Hoveyda said the discovery will allow chemists to access many valuable organic molecules faster, cheaper and in a sustainable and economic fashion with minimal waste generation and without continuing to depend on diminishing reserves of precious metals.

"The new catalysts have all the key characteristics of a class of molecules that can serve as a blueprint for the invention of many additional important and useful reaction promoters in the future," said Hoveyda.


Story Source:

The above story is based on materials provided by Boston College. Note: Materials may be edited for content and length.


Journal Reference:

  1. Daniel L. Silverio, Sebastian Torker, Tatiana Pilyugina, Erika M. Vieira, Marc L. Snapper, Fredrik Haeffner, Amir H. Hoveyda. Simple organic molecules as catalysts for enantioselective synthesis of amines and alcohols. Nature, 2013; 494 (7436): 216 DOI: 10.1038/nature11844

Cite This Page:

Boston College. "Sustainable new catalysts fueled by a single proton." ScienceDaily. ScienceDaily, 13 February 2013. <www.sciencedaily.com/releases/2013/02/130213132317.htm>.
Boston College. (2013, February 13). Sustainable new catalysts fueled by a single proton. ScienceDaily. Retrieved April 20, 2014 from www.sciencedaily.com/releases/2013/02/130213132317.htm
Boston College. "Sustainable new catalysts fueled by a single proton." ScienceDaily. www.sciencedaily.com/releases/2013/02/130213132317.htm (accessed April 20, 2014).

Share This



More Matter & Energy News

Sunday, April 20, 2014

Featured Research

from universities, journals, and other organizations


Featured Videos

from AP, Reuters, AFP, and other news services

Small Reactors Could Be Future of Nuclear Energy

Small Reactors Could Be Future of Nuclear Energy

AP (Apr. 17, 2014) After the Fukushima nuclear disaster, the industry fell under intense scrutiny. Now, small underground nuclear power plants are being considered as the possible future of the nuclear energy. (April 17) Video provided by AP
Powered by NewsLook.com
Horseless Carriage Introduced at NY Auto Show

Horseless Carriage Introduced at NY Auto Show

AP (Apr. 17, 2014) An electric car that proponents hope will replace horse-drawn carriages in New York City has also been revealed at the auto show. (Apr. 17) Video provided by AP
Powered by NewsLook.com
Honda's New ASIMO Robot, More Human-Like Than Ever

Honda's New ASIMO Robot, More Human-Like Than Ever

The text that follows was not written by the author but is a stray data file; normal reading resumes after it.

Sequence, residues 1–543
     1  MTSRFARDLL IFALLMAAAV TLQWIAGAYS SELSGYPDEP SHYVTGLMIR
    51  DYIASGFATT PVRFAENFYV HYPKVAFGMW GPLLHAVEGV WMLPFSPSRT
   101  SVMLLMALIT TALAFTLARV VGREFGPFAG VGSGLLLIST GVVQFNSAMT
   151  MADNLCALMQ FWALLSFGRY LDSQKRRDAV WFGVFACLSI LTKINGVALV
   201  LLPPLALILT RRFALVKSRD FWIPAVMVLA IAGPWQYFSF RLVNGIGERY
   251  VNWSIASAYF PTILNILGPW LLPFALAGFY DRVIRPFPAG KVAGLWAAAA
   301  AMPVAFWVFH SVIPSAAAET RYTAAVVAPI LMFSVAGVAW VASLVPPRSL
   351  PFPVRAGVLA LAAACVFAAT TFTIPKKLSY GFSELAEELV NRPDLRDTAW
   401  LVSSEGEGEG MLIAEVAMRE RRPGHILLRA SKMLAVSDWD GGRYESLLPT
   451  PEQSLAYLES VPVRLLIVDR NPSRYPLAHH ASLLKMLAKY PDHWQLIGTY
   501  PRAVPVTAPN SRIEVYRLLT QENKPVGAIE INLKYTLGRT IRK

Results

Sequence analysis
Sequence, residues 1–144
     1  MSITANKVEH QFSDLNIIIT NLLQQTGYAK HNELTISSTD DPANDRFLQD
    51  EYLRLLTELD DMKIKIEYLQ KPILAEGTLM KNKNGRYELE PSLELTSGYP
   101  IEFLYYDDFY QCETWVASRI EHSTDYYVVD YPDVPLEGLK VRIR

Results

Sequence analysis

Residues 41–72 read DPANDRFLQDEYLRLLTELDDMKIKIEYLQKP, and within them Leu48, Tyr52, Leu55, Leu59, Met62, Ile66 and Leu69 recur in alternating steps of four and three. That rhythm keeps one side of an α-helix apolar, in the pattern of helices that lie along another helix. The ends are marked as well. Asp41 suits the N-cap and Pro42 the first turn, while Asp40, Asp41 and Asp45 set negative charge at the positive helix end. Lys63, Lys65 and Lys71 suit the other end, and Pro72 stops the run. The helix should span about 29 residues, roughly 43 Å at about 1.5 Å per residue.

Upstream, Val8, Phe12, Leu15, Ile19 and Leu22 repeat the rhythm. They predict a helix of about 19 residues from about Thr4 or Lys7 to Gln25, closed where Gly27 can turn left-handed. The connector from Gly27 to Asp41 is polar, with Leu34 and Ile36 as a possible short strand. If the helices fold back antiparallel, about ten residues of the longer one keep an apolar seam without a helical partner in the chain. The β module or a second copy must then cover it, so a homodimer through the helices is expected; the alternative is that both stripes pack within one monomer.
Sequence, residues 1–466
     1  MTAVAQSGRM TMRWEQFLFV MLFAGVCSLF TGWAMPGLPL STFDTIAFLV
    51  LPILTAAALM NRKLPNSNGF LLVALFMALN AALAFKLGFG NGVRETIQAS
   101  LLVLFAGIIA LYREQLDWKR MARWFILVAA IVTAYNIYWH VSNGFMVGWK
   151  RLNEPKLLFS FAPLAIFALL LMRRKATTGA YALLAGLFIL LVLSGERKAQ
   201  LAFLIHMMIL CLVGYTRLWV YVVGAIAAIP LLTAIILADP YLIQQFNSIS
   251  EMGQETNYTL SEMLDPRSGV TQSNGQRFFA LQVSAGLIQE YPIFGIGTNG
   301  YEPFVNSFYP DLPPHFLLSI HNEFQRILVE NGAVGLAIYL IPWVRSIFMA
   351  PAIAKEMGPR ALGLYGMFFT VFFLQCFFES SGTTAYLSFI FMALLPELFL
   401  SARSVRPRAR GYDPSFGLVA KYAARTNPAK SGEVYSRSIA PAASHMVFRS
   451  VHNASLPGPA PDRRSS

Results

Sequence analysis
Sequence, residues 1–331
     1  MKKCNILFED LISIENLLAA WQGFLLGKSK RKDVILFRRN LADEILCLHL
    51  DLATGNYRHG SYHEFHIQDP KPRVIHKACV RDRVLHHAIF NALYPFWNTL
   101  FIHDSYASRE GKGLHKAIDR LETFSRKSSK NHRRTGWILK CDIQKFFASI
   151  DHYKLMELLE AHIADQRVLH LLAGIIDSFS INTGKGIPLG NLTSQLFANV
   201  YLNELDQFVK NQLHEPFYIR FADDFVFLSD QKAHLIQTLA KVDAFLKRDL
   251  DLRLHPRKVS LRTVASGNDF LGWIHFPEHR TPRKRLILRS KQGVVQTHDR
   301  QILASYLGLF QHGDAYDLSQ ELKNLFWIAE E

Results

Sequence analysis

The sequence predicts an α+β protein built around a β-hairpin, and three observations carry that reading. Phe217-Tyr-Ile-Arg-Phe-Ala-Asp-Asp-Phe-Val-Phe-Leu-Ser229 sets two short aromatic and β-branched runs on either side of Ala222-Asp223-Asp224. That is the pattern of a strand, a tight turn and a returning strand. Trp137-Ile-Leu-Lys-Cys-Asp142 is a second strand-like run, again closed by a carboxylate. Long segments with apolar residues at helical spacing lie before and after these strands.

AFP (Apr. 17, 2014) It walks and runs, even up and down stairs. It can open a bottle and serve a drink, and politely tries to shake hands with a stranger. Meet the latest ASIMO, Honda's humanoid robot. Duration: 00:54 Video provided by AFP
Powered by NewsLook.com
German Researchers Crack Samsung's Fingerprint Scanner

German Researchers Crack Samsung's Fingerprint Scanner

Newsy (Apr. 16, 2014) German researchers have used a fake fingerprint made from glue to bypass the fingerprint security system on Samsung's new Galaxy S5 smartphone. Video provided by Newsy
Powered by NewsLook.com

Search ScienceDaily

Number of stories in archives: 140,361

Find with keyword(s):
Enter a keyword or phrase to search ScienceDaily for related topics and research stories.

Save/Print:
Share:

Breaking News:
from the past week

In Other News

... from NewsDaily.com

Science News

Health News

Environment News

Technology News



Save/Print:
Share:

Free Subscriptions


Get the latest science news with ScienceDaily's free email newsletters, updated daily and weekly. Or view hourly updated newsfeeds in your RSS reader:

Get Social & Mobile


Keep up to date with the latest news from ScienceDaily via social networks and mobile apps:

Have Feedback?


Tell us what you think of ScienceDaily -- we welcome both positive and negative comments. Have any problems using the site? Questions?
Mobile: iPhone Android Web
Follow: Facebook Twitter Google+
Subscribe: RSS Feeds Email Newsletters
Latest Headlines Health & Medicine Mind & Brain Space & Time Matter & Energy Computers & Math Plants & Animals Earth & Climate Fossils & Ruins